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Page 1: Sabian Island – Sailing
Page 2: Saint and Greavsie – Sardina Forever
Page 3: SAS Assault Course – Scooby-Doo
Page 4: Scooby-Doo and Scrappy-Doo – SDI
Page 5: Seabase Delta – Sepulcri
Page 6: Sgt. Helmet Training Day 2020 – Shadow Dancer
Page 7: Shadowfire – Shark
Page 8: Sharkey's Moll – Short's Fuse
Page 9: Shovel Adventure – Silkworm
Page 10: Sim City – Skaal
Page 11: Skateboard Joust – Skweek
Page 12: Skyfox – Sly Spy: Secret Agent
Page 13: Smaily – Snoopy
Page 14: Snowball – Software Star
Page 15: Solar Coaster – Sooty and Sweep
Page 16: Sorcerer – Space Cowboy in Lost Planet
Page 17: Space Crusade – Spaceman Kerl
Page 18: Space Moves (#CPCRetroDev) – Speed King
Page 19: Speed Zone – Spindrone
Page 20: Spirits – Sport of Kings
Page 21: Sputnik – Stairway to Hell
Page 22: Star Avenger – Starfox
Page 23: Starglider – Star Trap
Page 24: Star Trooper – Stockmarket
Page 25: Stomp – Street Cred Boxing
Page 26: Street Cred' Football – Strider
Page 27: Strider II – Stroper
Page 28: Stryfe – Subterranean Stryker
Page 29: Subway Vigilante – Super Cycle
Page 30: Super Flippard – Supernudge 2000
Page 31: Super Pac – Supersports
Page 32: Super Sprint – Super Wrestle
Page 33: Surprise Surprise – SWIV
Page 34: The Sword of Ianna – Syntax
Screenshot of Sharkey’s Moll

Sharkey’s Moll

(Zeppelin Games, 1991)

It’s gangster shooting time in this truly abysmal horizontally scrolling shoot-’em-up. Kill the gun-toting gangsters either in a hail of bullets or by throwing Molotov cocktails at them, and try not to hit the informer that wanders about the screen as if he’s in a trance. There are plenty of games like this, and nearly all of them are much better than this one. The scrolling is very slow, it takes ages to complete a level, it’s far too easy, and the Spectrum-like graphics are off-putting. The only good thing is the music on the menu.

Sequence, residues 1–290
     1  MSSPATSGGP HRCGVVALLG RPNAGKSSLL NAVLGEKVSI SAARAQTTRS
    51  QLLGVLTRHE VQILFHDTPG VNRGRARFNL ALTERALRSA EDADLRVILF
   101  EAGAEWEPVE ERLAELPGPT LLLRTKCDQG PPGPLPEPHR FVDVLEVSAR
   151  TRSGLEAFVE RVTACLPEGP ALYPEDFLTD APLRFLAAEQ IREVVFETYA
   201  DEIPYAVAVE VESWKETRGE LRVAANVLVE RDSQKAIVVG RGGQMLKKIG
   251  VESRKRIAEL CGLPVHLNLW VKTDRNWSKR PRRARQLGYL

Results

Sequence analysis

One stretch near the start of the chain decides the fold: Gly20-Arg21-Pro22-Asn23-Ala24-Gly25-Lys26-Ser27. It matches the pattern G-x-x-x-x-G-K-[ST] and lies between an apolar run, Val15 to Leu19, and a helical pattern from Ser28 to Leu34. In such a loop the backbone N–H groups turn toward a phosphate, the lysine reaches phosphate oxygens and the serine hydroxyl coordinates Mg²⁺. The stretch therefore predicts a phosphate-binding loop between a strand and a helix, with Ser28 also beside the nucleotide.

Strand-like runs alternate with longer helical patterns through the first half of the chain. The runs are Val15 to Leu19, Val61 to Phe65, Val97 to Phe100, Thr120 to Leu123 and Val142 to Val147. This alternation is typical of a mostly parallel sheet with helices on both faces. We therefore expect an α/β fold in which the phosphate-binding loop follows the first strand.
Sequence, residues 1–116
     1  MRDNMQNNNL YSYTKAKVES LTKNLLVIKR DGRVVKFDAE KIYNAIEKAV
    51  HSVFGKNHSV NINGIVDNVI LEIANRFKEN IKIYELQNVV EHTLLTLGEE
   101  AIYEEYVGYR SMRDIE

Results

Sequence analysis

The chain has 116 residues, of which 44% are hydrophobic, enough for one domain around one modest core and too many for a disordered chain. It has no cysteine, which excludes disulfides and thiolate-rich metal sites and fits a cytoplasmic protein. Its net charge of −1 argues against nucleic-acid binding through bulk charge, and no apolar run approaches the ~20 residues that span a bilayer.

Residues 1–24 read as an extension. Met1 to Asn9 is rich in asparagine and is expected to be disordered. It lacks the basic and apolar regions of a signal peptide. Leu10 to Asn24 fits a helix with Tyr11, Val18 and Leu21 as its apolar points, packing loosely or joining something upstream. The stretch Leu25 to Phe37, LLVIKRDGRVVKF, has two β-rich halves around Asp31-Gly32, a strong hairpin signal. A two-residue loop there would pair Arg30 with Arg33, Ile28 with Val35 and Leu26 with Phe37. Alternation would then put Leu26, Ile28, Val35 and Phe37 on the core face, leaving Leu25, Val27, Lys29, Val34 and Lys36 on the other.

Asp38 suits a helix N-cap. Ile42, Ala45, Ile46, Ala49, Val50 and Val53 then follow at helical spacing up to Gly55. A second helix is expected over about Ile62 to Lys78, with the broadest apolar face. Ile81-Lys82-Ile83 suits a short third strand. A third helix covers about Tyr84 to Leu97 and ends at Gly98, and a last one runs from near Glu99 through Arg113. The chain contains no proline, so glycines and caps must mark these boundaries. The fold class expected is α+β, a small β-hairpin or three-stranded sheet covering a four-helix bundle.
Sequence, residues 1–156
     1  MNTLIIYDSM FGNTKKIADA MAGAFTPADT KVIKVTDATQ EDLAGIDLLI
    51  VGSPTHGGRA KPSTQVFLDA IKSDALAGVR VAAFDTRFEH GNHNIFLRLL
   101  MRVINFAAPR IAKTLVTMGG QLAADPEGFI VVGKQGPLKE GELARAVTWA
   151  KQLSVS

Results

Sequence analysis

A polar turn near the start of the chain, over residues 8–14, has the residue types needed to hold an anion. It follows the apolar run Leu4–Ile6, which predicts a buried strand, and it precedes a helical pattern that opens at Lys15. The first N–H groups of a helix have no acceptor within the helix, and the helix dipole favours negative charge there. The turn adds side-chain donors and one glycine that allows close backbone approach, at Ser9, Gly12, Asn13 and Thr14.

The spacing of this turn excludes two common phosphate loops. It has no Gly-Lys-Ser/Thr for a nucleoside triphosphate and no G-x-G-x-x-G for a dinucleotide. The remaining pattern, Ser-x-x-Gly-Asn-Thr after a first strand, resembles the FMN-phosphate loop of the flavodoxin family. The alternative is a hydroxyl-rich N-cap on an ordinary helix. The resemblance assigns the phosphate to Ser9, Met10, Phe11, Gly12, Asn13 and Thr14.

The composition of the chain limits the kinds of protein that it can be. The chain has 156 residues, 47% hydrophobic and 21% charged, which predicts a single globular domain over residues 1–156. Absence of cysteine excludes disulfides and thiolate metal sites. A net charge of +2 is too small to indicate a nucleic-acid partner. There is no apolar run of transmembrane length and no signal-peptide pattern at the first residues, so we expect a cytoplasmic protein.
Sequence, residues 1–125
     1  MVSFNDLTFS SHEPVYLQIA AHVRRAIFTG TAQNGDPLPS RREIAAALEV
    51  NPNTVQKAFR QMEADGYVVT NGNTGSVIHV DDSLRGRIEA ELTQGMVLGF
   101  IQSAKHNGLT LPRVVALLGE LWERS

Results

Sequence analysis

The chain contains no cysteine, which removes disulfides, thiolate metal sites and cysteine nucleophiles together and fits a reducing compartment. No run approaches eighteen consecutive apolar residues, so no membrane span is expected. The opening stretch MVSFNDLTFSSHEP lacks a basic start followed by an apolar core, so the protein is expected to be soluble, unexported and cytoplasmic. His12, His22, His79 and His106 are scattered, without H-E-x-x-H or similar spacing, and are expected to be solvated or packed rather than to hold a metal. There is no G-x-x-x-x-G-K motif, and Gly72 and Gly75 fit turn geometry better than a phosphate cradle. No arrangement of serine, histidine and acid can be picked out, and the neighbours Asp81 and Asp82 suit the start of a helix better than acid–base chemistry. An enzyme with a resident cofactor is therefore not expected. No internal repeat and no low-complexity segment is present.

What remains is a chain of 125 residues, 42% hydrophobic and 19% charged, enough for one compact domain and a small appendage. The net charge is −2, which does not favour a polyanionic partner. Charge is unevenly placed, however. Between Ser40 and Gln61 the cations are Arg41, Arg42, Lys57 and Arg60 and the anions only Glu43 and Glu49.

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Screenshot of Sharpe’s Deeds

Sharpe’s Deeds

(Incentive, 1987)

You are the sole heir to your uncle Ferdinand Sharpe’s fortune, but to inherit it, you must find twelve treasures and the deeds for your uncle’s estate. You start in an inn, in a quiet village in Somerset, where your solicitor is waiting for you. After you’ve spoken to him, you’re on your own. If you’re a fan of Infocom’s text adventures, you’ll know which one influenced the creation of this GAC adventure, although there are many puzzles to solve before you even encounter your first treasure. The map is quite large, and there is a lot to see and do. Plenty of well drawn pictures have been added, too, and unlike many GAC adventures I’ve played, there are few problems with finding the correct word to use.

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Screenshot of Sherman M4

Sherman M4

(Loriciel, 1990)

The American-built Sherman M4 tank saw action in World War II. Despite its inferior armour and weaponry, it was also reliable, and they managed to beat the Germans by outnumbering them. You can command a battalion of up to four tanks in ten missions against the Germans. Five of them are based in Normandy, while the other five are based in the Ardennes region. The playing area contains villages and supply bases which are held by the enemy and which you must capture. You also have to hunt down and destroy enemy bunkers and tanks. The game makes use of wonderful 3D graphics, but the game slows to a snail’s pace when the screen becomes crowded. However, the biggest fault is that all of the missions are too easy, even on the higher difficulty settings, and the gameplay is rather limited anyway.

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Screenshot of Shinobi

Shinobi

(Virgin Games, 1989)

Bwah Foo has captured all the children at a school for training ninjas, and as Joe Musashi, a former graduate of the school, you resolve to rescue all of them. The children are scattered over five levels which are split into three or four sections. It’s a platform game, and a rather good one, with lots of enemy ninjas to slay with your shurikens. Different ninjas will require different techniques, though, and then there is the matter of defeating the end-of-level guardians. You do have magic powers to help you, although you can only use them once in each section. The graphics aren’t all that good – they’re rather messy – and the music on the menu is poor, although some better tunes play throughout the game, which is easy to get into and fun to play.

See also: Shadow Dancer.

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Screenshot of Shinobu

Shinobu

(Infinity Entertainment, 2019)

Reviewed by Piero Serra